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'Planet Nine' thought to be lurking in the outer solar system may be a black hole

'Planet Nine', a celestial object up to 10 times larger than the Earth, may actually be a grapefruit sized black hole - and a new telescope could help detect it.  

Objects 'clumping together' in a strange way beyond the orbit of Neptune have led astronomers to suggest 'something big' is interfering with their orbit.  

This could be a massive planet or a 'primordial black hole' that crams the mass of up to 10 Earth sized objects into a grapefruit sized sphere, according to astronomers.

Researchers from Harvard University and the Black Hole Initiative believe a new 'wide field' telescope being built in Chile could confirm the true nature of 'Planet Nine'.

Known as the Vera C. Rubin Observatory, it will be able to scan large swathes of the southern sky repeatedly - giving astronomers a wealth of data on the universe.

The 'planet' could be a massive planet or a 'primordial black hole' that crams the mass of up to 10 Earth sized objects into a grapefruit sized sphere, according to astronomers

It will carry out a Legacy Survey of Space and Time (LSST) when it comes online in 2022 in a bid to hunt for accretion flares given off around black holes.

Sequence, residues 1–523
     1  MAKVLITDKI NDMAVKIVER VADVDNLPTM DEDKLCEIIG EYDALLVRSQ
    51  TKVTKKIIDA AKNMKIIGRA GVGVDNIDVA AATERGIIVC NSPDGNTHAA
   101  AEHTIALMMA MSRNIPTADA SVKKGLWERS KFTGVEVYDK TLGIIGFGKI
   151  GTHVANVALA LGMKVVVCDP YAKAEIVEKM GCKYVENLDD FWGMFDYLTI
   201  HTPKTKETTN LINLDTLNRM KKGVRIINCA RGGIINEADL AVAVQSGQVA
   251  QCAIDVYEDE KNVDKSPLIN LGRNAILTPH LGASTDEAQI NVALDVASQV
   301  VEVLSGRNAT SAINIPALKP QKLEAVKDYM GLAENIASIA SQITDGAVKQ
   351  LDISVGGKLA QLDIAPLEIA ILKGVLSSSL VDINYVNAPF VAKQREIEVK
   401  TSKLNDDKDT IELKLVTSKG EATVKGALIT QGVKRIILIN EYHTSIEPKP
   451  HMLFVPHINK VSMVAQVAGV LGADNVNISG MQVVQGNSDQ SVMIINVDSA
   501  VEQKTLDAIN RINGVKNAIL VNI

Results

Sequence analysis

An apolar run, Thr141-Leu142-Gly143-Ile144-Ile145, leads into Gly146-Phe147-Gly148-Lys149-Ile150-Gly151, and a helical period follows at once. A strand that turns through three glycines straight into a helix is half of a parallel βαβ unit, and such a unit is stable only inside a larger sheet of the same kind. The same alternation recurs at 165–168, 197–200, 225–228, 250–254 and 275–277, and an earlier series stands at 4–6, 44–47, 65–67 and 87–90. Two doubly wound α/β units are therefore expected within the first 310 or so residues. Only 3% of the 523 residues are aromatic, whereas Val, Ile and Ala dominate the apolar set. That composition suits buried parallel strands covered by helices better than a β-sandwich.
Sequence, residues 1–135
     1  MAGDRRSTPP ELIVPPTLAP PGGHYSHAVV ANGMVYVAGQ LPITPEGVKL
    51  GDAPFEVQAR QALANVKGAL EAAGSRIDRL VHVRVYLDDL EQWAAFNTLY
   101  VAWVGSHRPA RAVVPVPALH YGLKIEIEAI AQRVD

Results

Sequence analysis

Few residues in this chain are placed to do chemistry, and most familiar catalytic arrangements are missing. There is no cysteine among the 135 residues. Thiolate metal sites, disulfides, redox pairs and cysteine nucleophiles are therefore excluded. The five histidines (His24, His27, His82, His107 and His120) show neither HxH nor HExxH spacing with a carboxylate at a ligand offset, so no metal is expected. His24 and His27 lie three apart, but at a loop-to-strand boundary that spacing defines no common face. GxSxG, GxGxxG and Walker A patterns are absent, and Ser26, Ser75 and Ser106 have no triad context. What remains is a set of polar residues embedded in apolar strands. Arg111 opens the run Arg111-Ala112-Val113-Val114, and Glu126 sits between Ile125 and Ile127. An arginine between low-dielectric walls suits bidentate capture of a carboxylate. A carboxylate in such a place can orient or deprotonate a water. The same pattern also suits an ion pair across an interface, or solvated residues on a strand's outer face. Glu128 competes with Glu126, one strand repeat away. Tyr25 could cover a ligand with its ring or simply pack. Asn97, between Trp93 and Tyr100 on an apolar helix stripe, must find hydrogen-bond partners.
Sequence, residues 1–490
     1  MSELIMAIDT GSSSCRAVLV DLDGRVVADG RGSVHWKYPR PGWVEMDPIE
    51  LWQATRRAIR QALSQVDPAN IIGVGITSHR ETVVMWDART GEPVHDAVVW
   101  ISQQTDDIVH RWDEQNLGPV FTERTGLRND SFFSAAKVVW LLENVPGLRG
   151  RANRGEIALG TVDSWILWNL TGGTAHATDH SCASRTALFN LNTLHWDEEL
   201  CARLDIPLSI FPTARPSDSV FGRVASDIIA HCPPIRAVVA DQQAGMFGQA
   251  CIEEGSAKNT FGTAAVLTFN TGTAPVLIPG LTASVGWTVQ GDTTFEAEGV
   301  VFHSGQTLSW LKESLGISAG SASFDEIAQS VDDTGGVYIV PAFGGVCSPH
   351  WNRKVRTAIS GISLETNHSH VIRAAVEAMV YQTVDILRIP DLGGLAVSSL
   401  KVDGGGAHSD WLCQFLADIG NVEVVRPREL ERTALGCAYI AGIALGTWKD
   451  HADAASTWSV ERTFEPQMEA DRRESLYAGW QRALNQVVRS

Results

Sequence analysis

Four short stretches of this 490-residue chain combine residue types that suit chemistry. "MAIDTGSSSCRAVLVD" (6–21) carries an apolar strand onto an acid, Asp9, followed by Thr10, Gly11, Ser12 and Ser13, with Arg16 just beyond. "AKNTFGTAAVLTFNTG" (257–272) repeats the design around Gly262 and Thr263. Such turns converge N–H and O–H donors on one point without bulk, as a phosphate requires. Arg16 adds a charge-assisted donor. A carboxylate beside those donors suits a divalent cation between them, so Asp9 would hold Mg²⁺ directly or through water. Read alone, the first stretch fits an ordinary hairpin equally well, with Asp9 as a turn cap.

Harvard researchers have developed a new technique that could use this survey to help determine if a tiny black hole really sits beyond Neptune.  

'In the vicinity of a black hole, small bodies that approach it will melt as a result of heating from the background accretion of gas from the interstellar medium onto the black hole,' said undergraduate student Amir Siraj, also involved in the study.  

Known as the Vera C. Rubin Observatory (pictured), it will be able to scan large swathes of the southern sky repeatedly - giving astronomers a wealth of data on the universe

'Once they melt, the small bodies are subject to tidal disruption by the black hole, followed by accretion from the tidally disrupted body onto the black hole.' 

Because black holes are dark, the radiation matter emits when it is approaching the mouth of the object is the only way to detect whether one is there or not.

Future searches for primordial black holes could be informed by the new calculation, according to the Harvard team.

'This method can detect or rule out trapped planet-mass black holes out to the edge of the Oort cloud, or about a hundred thousand astronomical units,' said Siraj. 

'It could be capable of placing new limits on the fraction of dark matter contained in primordial black holes.' 

The upcoming LSST is expected to have the sensitivity required to detect accretion flares - that is the light made from matter coming near the black hole. 

'LSST has a wide field of view, covering the entire sky again and again, and searching for transient flares,' said Loeb. 

What makes LSST different is that it can view the whole sky at once, which helps when you don't know exactly where to look - as is the case with Planet Nine.

'LSST's ability to survey the sky twice per week is extremely valuable. In addition, its unprecedented depth will allow for the detection of flares resulting from relatively small impactors, which are more frequent than large ones,' said Siraj.